The British currency pound has continued to fall against the US dollar as worries persist over the UK’s economic prospects outside the EU. Sterling suffered sharp losses last week as ministers at the Conservative party conference signalled they would opt for a “hard Brexit” settlement that sacrifices access to the single market and prioritises stricter immigration controls.
Sterling was under pressure again at the beginning of this week but some calm had returned to markets. The pound fell 0.3% against the US dollar to $1.2395 on Monday last. It was flat against the euro at €1.11. However, the pound’s weakness boosted the UK’s FTSE 100 share index – which features companies that make a significant proportion of their profits in dollars – as it closed at 7,097.5, near its record closing high of 7,104 last year.
Investor nerves were strained on Friday when the pound slumped more than 8% in a “flash crash” in overnight trading in Asia. It dropped from $1.26 to $1.1491 in just eight minutes – a huge plunge in a market where a single cent is a big change – and recovered only some of those losses during London trading hours. Sterling still ended the week about 4% lower against the euro and US dollar.
One market watcher said the currency was stabilising after the events of Friday morning. “The dust has started to settle after the flash crash overnight on Thursday saw the pound briefly trade below €1.10 and $1.20,” said Chris Saint, senior analyst at City firm Hargreaves Lansdown’s currency service.
With a quiet week ahead on the economic indicator front, he expected the pound to continue to take its cues from politics. “There is little on the domestic calendar this week to draw attentions away from ongoing worries over how politicians will handle Britain’s withdrawal from the EU,” said Saint.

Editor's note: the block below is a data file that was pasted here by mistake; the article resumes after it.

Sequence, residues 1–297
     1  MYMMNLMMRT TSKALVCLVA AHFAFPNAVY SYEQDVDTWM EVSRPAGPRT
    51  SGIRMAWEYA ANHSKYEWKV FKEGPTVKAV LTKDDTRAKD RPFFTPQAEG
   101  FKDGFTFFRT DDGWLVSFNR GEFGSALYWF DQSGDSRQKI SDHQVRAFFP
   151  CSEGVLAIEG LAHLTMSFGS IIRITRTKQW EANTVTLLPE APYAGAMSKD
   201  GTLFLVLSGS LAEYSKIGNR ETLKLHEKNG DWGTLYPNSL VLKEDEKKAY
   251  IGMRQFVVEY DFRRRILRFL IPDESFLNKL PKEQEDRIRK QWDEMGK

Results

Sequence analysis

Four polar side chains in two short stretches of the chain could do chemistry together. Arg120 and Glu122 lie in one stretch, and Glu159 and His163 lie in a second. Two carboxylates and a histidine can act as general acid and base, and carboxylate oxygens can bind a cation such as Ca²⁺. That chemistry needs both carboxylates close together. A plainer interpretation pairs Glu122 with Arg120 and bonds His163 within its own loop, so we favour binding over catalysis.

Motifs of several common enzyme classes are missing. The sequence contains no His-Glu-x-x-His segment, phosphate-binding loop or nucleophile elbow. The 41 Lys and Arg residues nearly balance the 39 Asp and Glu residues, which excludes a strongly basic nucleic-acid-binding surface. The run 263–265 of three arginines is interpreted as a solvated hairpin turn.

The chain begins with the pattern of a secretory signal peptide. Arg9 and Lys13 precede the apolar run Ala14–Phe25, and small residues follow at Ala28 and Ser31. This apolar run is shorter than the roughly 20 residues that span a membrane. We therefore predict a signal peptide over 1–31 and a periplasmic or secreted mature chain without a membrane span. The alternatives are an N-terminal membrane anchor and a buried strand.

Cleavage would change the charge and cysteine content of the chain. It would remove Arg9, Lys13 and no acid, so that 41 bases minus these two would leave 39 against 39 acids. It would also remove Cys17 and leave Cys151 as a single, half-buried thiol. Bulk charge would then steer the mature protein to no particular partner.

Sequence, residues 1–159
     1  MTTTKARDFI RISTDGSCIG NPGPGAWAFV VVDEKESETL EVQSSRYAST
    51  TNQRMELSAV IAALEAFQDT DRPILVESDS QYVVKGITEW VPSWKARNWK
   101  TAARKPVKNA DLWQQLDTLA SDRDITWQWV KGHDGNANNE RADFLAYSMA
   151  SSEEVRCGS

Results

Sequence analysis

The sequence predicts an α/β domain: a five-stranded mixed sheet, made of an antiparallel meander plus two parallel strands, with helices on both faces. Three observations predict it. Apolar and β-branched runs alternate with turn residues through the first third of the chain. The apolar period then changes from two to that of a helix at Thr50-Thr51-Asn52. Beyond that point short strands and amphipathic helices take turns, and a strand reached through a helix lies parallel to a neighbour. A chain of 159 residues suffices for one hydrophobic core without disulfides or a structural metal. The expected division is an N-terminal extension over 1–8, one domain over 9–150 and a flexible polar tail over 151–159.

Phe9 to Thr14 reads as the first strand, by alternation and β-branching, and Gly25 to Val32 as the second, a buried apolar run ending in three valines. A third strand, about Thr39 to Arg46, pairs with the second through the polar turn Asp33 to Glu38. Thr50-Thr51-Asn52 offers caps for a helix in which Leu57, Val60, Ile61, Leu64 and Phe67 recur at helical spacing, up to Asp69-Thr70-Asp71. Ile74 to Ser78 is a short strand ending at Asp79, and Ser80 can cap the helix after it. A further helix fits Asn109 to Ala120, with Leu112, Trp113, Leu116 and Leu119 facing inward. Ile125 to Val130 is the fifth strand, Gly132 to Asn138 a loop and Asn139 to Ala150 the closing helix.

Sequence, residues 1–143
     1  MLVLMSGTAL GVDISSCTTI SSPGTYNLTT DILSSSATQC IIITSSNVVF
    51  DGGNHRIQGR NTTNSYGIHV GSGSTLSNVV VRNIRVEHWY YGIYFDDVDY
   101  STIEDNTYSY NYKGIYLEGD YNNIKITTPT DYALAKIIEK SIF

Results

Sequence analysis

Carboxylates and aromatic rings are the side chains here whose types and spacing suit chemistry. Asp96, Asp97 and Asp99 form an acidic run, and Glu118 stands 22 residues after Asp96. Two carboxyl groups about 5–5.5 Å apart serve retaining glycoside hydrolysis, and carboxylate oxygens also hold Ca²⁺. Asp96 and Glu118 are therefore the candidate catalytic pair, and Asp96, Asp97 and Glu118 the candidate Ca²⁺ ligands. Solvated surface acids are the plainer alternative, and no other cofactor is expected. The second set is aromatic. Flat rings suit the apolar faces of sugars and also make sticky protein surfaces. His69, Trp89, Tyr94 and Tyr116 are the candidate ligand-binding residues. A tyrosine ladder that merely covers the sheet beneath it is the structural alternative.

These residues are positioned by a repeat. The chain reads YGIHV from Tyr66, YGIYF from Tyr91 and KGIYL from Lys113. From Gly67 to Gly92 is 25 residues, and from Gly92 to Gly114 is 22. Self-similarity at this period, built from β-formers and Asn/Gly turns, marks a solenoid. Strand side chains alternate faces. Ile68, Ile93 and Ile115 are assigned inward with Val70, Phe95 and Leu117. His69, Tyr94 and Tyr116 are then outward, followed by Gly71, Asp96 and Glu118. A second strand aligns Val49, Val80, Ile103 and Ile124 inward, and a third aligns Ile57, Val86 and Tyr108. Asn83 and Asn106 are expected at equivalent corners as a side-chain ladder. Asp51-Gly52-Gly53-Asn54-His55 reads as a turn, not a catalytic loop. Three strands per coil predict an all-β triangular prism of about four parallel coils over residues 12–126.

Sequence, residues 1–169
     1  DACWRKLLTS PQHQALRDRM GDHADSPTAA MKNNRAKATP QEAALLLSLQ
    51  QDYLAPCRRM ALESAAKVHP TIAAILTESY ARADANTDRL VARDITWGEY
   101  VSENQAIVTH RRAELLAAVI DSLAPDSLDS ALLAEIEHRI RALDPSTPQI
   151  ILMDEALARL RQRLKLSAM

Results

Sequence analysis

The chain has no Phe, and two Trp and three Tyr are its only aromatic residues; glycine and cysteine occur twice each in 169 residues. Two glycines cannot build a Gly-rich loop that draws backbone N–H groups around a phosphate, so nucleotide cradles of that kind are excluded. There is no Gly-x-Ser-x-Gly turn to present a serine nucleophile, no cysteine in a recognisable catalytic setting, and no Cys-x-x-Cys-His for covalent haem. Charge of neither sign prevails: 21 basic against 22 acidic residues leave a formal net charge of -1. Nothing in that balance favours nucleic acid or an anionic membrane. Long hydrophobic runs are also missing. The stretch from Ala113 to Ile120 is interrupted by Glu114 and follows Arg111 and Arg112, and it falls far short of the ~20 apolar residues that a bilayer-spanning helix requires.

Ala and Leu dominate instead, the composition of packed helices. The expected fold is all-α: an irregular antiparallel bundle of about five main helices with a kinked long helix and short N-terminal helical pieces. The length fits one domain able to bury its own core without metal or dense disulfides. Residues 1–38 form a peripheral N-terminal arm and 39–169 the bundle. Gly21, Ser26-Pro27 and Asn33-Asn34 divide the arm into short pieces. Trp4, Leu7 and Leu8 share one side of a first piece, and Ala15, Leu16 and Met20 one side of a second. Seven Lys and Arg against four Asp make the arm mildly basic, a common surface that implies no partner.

David Davis, the Brexit secretary, claimed that the “major part of the fall” in the pound to a 31-year-low had been down to a “flash crash”. He told parliament on Monday: “There will be lots of speculative comments in the next two-and-a-half-years that will drive the pound up and down, but the government could not do much about that.”
The pound’s sharp fall has raised pressure on those UK firms that rely on imports, such as retailers and those manufacturers who need raw materials like plastics and metals. A weaker currency makes imports more expensive. On the other hand, it makes UK exports more competitive and some companies have reported a pick-up in overseas sales since the British vote to leave the EU in June knocked sterling.